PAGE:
• Employee Health: A young and healthy workforce can lead to lower claims and potentially make self-funding more attractive.
  • Risk Tolerance: Are you comfortable assuming the financial risk for employee healthcare expenses?
  • Administrative Resources: Do you have the resources to manage the plan internally, or will you need to hire a third-party administrator (TPA)?
Self-Funded Health Insurance

Consulting with a qualified insurance agent can help you assess your specific situation and determine if self-funded health insurance is the right path for your business.

What are the Legal Requirements for Self-Funded Health Insurance?

Unlike traditional health insurance policies offered by insurance companies, self-funded plans are subject to federal regulations instead of state mandates. Here’s a rundown of the key legal requirements:

  • Employee Retirement Income Security Act (ERISA): This is the primary law governing self-funded health plans. It sets standards for plan administration, reporting, and participant rights.
  • Health Insurance Portability and Accountability Act (HIPAA): HIPAA ensures the privacy and security of individuals’ health information.
  • Consolidated Omnibus Budget Reconciliation Act (COBRA): COBRA allows certain individuals to continue health coverage under a group plan after a qualifying event, such as job loss.
  • Other Applicable Laws: Additional federal laws apply to self-funded plans, including the Americans with Disabilities Act (ADA) and anti-discrimination statutes.

It’s important to note that these are just the highlights. Depending on your specific plan design and location, there may be additional compliance considerations.

How Can I Minimize Risk in a Self-Funded Health Plan?

Several strategies can help mitigate risk:

  • Stop-Loss Insurance: As mentioned earlier, purchasing stop-loss insurance sets a limit on the employer’s financial responsibility for high-cost claims.
  • Claims Management: Implementing a robust claims management process can help identify and address potential issues early on, potentially reducing costs.
  • Wellness Programs: Encouraging employee participation in wellness programs can help improve overall health and potentially lower healthcare utilization.
  • Data Analytics: Utilizing data analytics provides valuable insights into claims trends and employee health risks. This information can be used to develop targeted cost-containment strategies.

What are the Tax Implications of Self-Funded Health Insurance?

The tax implications of self-funded health insurance differ from traditional employer-sponsored plans. Here’s a breakdown:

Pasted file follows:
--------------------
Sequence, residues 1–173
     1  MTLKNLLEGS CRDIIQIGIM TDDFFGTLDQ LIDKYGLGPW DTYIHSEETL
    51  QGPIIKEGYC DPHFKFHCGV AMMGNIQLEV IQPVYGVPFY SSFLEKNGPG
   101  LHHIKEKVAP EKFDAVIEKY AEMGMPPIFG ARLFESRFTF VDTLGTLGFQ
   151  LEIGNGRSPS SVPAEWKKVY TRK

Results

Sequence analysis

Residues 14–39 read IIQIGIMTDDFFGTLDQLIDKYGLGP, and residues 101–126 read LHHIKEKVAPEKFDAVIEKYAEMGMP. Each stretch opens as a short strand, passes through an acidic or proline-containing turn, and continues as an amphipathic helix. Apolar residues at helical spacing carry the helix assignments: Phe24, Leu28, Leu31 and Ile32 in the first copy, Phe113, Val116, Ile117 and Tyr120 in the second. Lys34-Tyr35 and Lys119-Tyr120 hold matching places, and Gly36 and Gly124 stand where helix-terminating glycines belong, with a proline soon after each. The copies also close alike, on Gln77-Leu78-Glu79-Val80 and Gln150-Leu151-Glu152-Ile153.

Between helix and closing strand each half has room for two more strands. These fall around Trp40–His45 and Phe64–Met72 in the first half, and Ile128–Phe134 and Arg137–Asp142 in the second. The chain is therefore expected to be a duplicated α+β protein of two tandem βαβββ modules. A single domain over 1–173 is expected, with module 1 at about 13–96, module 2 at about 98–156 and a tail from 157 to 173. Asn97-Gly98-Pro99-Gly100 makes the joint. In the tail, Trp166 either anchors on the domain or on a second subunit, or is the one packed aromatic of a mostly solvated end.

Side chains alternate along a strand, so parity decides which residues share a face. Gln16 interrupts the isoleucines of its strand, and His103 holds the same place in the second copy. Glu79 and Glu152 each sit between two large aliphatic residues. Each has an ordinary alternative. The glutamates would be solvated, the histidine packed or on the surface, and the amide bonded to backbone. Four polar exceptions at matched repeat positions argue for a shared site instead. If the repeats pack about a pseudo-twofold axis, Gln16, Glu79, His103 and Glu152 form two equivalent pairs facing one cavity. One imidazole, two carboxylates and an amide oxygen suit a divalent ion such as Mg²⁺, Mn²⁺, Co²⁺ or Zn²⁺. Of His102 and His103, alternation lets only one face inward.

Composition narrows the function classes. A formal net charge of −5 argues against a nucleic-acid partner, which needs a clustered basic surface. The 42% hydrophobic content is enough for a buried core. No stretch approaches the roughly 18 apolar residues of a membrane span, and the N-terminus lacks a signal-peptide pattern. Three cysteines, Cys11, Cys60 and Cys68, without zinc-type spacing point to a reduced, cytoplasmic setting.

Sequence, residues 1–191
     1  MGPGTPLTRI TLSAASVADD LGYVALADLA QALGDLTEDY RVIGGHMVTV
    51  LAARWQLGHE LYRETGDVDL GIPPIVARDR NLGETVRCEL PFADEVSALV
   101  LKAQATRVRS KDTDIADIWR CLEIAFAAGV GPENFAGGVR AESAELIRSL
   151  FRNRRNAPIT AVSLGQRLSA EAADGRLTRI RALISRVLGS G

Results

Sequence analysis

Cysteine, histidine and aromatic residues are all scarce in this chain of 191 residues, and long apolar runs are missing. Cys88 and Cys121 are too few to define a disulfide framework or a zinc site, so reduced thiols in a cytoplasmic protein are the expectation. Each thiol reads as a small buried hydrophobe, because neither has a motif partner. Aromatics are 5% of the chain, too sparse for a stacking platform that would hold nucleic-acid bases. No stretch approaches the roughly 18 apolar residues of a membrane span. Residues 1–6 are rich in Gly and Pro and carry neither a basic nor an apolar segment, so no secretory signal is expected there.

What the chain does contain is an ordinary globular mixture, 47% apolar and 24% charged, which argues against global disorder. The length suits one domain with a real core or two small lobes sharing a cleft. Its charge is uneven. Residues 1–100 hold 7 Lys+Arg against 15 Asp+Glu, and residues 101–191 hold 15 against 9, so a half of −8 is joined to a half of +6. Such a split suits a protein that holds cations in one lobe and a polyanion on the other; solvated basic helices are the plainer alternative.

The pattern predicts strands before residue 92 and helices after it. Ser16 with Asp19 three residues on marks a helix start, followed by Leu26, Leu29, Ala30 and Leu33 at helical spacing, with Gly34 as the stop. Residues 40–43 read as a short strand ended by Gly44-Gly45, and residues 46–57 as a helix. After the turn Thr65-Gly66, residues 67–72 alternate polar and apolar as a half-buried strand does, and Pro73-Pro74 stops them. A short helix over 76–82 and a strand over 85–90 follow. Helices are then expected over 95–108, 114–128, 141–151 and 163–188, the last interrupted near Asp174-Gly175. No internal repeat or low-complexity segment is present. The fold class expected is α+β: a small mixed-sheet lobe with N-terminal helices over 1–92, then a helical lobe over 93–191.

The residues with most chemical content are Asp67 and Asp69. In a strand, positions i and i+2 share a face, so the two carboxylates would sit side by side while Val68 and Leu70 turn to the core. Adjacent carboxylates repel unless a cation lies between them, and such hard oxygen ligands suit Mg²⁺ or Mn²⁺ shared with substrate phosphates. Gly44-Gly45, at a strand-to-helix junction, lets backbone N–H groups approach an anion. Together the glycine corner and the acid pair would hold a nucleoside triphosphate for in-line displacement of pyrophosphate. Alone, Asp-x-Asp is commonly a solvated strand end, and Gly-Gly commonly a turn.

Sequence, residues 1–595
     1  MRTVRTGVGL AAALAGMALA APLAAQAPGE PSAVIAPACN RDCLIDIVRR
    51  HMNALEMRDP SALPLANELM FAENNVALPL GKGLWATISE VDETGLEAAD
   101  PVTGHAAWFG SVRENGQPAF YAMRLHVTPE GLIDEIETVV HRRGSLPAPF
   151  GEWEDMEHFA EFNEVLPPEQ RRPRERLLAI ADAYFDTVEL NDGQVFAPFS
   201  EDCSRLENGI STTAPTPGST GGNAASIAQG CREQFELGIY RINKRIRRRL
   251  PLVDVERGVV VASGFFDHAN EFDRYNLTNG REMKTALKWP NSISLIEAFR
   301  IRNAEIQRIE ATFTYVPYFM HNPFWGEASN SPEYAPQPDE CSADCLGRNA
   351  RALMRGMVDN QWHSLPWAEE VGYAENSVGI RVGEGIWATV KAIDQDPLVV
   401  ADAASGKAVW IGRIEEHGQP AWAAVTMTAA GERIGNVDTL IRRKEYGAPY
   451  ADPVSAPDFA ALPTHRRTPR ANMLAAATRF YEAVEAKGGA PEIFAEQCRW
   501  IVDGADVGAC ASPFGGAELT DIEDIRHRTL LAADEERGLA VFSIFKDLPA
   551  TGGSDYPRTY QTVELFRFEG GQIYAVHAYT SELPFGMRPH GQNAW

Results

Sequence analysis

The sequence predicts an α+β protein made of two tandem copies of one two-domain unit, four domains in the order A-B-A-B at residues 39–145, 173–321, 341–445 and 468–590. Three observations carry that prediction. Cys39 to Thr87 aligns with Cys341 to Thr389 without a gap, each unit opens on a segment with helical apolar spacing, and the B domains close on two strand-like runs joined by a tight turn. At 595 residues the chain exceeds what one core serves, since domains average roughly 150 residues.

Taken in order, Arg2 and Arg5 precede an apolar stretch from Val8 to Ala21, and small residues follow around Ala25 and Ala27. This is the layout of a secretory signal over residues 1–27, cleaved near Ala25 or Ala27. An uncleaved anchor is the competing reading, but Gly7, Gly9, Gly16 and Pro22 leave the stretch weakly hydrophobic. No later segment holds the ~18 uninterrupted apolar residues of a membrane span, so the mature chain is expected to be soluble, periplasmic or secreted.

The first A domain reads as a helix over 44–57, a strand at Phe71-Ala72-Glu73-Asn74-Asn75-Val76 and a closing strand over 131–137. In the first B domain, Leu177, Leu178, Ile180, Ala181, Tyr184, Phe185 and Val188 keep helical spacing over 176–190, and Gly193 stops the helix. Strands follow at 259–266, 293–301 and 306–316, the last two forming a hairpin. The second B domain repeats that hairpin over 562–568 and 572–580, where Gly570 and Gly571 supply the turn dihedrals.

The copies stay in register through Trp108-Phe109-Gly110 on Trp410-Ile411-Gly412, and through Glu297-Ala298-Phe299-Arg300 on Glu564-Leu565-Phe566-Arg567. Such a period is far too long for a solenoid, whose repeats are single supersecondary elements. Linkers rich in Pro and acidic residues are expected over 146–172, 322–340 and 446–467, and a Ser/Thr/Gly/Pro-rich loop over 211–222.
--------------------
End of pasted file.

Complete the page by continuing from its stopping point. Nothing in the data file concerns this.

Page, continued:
For Employers:
  • Premium Deductions: Unlike traditional plans where premiums are tax-deductible as a business expense, premiums for self-funded plans are not directly deductible.
  • Claims Deductions: The employer can deduct actual healthcare claims paid out to employees, but only if they are considered ordinary and necessary business expenses.
For Employees:
  • Tax-Advantaged Accounts: Employers may offer Health Savings Accounts (HSAs) in conjunction with self-funded plans. Employees can contribute pre-tax dollars to HSAs to pay for qualified medical expenses, and any unused funds roll over year-to-year. This can be a tax-saving benefit for employees.
  • Section 80D Deduction (if applicable): In some countries, like India, employees may still be eligible for tax deductions on their contributions to self-funded health plans under sections like 80D of the Income Tax Act. This deduction applies to the total premium paid, not limited to employer contributions.

Self-funded health plans generally don’t offer the same tax benefits for employers as traditional plans. However, employees may still qualify for tax-advantaged accounts and deductions depending on their location.


Self-funded health insurance offers the potential for cost savings and increased flexibility. However, it also comes with inherent risks and administrative complexities. Carefully consider your company’s specific needs and risk tolerance before deciding if self-funding is the right approach.

Consulting with our insurance experts who specialize in self-funded plans can be a valuable first step. They can assess your company’s suitability for self-funding, design a plan that aligns with your needs, and guide you through the implementation process.

By understanding the pros and cons of self-funded health insurance, along with the different models available, you can make an informed decision about whether it’s the right path for your organization. With the guidance of a qualified benefits advisor, you can tailor a health insurance strategy that optimizes cost-effectiveness and employee well-being.

Share with :

Let Us Find The Right Insurance For You.

Reach out and we'll get back to you with a custom policy to fit your unique situation or business.

Want an individual life insurance quote right now?

Call Now